Ask these questions as you read Arnold Lobel's Ming Lo Moves the Mountain.
Use a chalkboard chart like the one below as you direct the pupils' reading. Call on pupils for phrases or sentences to fill in the chart as the story progresses.
|Why or why not?|
|Push with a tree||No.||A person pushing a
tree isn't strong
enough to move a
|Make lots of noise.||No.||A mountain isn't a
person, so you can't
|Take gifts to the
|No.||The wind blew the
cakes and bread away.
|Take your house
apart and do a
|Yes.||The dance moved Ming
Lo and his wife away
from the mountain.
Guide reading by asking questions like these:
- What problems do Ming Lo and his wife have with their house under the mountain? How could they solve these problems without trying to move the mountain? (For example: build a stronger roof; get a wood stove to heat the house; find a field away from the mountain's shadow in which to grow a garden.)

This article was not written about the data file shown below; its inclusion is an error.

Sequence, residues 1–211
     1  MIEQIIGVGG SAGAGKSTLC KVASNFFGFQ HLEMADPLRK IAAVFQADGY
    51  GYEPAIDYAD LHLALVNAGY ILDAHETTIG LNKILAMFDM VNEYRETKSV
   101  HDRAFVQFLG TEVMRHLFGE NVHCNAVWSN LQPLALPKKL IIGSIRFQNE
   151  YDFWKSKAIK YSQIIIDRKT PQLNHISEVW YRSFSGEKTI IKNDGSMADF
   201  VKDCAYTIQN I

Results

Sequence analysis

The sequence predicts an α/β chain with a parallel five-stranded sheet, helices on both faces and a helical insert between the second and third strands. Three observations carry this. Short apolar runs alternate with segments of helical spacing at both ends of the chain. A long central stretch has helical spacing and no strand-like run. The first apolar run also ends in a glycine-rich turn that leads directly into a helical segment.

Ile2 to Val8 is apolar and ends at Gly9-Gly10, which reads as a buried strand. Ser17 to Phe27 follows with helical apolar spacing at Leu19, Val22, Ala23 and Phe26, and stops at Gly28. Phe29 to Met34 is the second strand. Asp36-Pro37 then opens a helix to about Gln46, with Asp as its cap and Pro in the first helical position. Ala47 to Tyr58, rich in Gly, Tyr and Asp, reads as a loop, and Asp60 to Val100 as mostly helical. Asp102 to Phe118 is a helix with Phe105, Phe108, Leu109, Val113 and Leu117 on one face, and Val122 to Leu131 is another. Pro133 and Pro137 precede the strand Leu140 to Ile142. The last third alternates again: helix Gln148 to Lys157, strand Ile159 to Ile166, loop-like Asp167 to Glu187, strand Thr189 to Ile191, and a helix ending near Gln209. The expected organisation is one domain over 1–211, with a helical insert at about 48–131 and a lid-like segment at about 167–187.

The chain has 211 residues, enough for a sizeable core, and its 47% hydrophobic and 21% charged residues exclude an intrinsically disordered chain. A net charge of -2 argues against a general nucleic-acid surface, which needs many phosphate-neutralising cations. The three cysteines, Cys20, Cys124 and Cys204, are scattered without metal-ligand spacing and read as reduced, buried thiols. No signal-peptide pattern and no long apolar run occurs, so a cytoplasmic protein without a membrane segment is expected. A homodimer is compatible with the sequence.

- Is the wise man really wise? Does he really think that his first three suggestions will work, or is he just trying to show Ming Lo the impossibility of moving a mountain?
- What do you think about the wise man's final suggestion? Is he playing a trick on Ming Lo? Is he trying to help him?
- If you were a friend of Ming Lo, what would you tell him when he says, “The mountain has moved far away”?